This last command about USB and power control disables power saving for USB.
This line is only interesting if the main data drive is connected with USB.
[IMPORTANT]
===========
In theory, at this stage, the machine is ready to be controlled by Ansible.
However, Ansible fails at first, because for some reason, `pacstrap` in the “front” Ansible role fails to initialize the DMZ if the location already contains mount points, so:
. I had to temporarily unmount everything under `/var/lib/machines/{front-name}`, and delete `/var/lib/machines/{front-name}/*`.
. I also temporarily commented out the whole front-half of `site.xml`, as well as the “front-run” role of the back part.
. Then I ran Ansible again.
. When the DMZ was correctly initialized, I renamed `/var/lib/machines/{front-name}/var` to `/var/lib/machines/{front-name}/var.new`.
. Then I created a new `/var/lib/machines/{front-name}/var`, inside of which I mounted all the above DMZ-specific mount points again.
. In the `/var/lib/machines/{front-name}/` directory, I ran `rsync -av var.new/ var/`.
. After that, I could remove the `/var.new` directory (see below), restore `site.yml` to its original state, and start Ansible once again.
When I wanted to delete the DMZ’s `var.new` directory as root, I was denied the permission!
This is because `pacstrap` created the DMZ’s own `var/lib/machines` as a btrfs subvolume, which can only be deleted with the `btrfs subvolume delete var.new/lib/machines` command (`var.new` because of the renaming above).
Then removing `var.new` worked.
===========
== Post-installation tasks
You may want to restore some data from a former installation.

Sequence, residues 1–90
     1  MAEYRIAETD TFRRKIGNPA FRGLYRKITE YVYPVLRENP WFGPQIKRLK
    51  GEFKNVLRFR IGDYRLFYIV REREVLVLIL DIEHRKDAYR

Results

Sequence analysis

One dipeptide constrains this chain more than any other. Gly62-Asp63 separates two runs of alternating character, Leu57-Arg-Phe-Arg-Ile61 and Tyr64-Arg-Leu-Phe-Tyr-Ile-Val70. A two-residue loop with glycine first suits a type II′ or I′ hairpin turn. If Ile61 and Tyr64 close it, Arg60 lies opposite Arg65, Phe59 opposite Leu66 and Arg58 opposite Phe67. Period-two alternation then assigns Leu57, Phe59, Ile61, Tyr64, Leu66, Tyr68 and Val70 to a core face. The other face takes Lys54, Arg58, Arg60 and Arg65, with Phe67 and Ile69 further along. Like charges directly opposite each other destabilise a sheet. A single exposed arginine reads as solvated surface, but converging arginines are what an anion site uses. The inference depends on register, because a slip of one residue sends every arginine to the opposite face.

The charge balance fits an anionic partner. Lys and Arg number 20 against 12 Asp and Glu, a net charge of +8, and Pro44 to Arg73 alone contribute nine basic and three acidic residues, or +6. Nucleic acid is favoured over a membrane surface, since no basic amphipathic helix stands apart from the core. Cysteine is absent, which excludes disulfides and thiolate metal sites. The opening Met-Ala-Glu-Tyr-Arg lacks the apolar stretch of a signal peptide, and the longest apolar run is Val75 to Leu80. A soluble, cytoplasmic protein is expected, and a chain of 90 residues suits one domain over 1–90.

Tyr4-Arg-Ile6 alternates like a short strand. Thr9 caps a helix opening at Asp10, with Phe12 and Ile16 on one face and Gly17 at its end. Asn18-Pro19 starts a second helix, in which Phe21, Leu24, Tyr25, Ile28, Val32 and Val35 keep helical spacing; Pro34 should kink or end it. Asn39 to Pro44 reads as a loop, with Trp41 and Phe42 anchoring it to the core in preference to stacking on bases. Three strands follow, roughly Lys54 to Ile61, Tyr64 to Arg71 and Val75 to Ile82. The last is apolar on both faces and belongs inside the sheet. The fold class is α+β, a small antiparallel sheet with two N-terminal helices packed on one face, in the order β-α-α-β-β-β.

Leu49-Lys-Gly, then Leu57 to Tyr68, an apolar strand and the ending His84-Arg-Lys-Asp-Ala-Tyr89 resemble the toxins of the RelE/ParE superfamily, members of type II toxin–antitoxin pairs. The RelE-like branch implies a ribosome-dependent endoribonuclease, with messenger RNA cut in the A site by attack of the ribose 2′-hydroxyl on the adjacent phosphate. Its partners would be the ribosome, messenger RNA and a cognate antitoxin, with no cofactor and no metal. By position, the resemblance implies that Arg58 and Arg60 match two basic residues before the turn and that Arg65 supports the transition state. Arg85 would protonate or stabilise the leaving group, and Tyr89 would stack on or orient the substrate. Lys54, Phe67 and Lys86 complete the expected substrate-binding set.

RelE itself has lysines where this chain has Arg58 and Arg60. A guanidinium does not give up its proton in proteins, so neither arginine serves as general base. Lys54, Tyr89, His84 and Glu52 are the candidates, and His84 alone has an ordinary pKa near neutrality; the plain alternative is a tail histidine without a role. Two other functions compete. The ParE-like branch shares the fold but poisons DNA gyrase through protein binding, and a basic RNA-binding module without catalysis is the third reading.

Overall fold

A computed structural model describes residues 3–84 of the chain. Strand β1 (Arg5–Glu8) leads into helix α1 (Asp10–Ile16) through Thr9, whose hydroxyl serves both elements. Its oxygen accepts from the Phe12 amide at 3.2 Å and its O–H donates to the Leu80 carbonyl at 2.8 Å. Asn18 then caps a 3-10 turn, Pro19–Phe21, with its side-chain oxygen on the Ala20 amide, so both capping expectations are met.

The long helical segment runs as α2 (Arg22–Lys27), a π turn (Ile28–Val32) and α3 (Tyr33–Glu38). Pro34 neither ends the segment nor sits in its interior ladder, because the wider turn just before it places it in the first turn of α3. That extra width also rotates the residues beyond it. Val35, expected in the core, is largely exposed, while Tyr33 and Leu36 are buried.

This section contains some examples of data restoration.
NOTE: Most values and paths here are examples, and shall be adapted.
=== Dotclear
[subs="+attributes"]
```bash
[root@{back-name} ~]# systemctl -M {front-name} stop haproxy.service
[root@{back-name} ~]# systemctl -M {front-name} stop nginx.service
[root@{back-name} ~]# systemctl -M {front-name} stop php-fpm.service
[root@{back-name} ~]# sudo -u postgres pg_restore -c -C -F c -d postgres \
> </backup/dotclear.cdump
[root@{back-name} ~]# systemctl -M {front-name} start php-fpm.service
[root@{back-name} ~]# systemctl -M {front-name} start nginx.service
[root@{back-name} ~]# systemctl -M {front-name} start haproxy.service
```
=== Prosody
[subs="+attributes"]
```bash
[root@{back-name} ~]# systemctl -M {front-name} stop haproxy.service
[root@{back-name} ~]# systemctl -M {front-name} stop nginx.service
[root@{back-name} ~]# systemctl -M {front-name} stop prosody.service
[root@{back-name} ~]# sudo -u postgres pg_restore -c -C -F c -d postgres \
> </backup/prosody.cdump
[root@{back-name} ~]# su - postgres
[postgres@{back-name} ~]$ psql
postgres=# ALTER DATABASE {prosody-db} OWNER TO {prosody-db-user};
ALTER DATABASE
postgres=# \c {prosody-db}
{prosody-db}=# ALTER TABLE prosody OWNER TO {prosody-db-user};
ALTER TABLE
{prosody-db}=# \q
[postgres@{back-name} ~]$ exit
[root@{back-name} ~]# systemctl -M {front-name} start prosody.service
[root@{back-name} ~]# systemctl -M {front-name} start nginx.service
[root@{back-name} ~]# systemctl -M {front-name} start haproxy.service
```
=== Nextcloud
There is a twist here…
My former installation actually was ownCloud, _not_ Nextcloud.
But knowing that I would use Nextcloud from then on, before doing the backup I upgraded my ownCloud installation to the corresponding compatible Nextcloud version (version `10.0.2.1`). +
The upgrade process broke my ownCloud… Not a big deal, since I only needed the backup of the data, to be restored in a clean Nextcloud installation on the new server.
But I don’t remember if, on the new server, I restored the backup of the migrated database, or the backup of the ownCloud database…
Besides, my old ownCloud did _not_ use LDAP, instead relying on its internal database of users.
Unfortunately, there is no way to convert internal users (with their contacts, calendars, and so on) into LDAP users.
So I did it the programmer’s way, by studying the data model, and running SQL requests.
These are described below.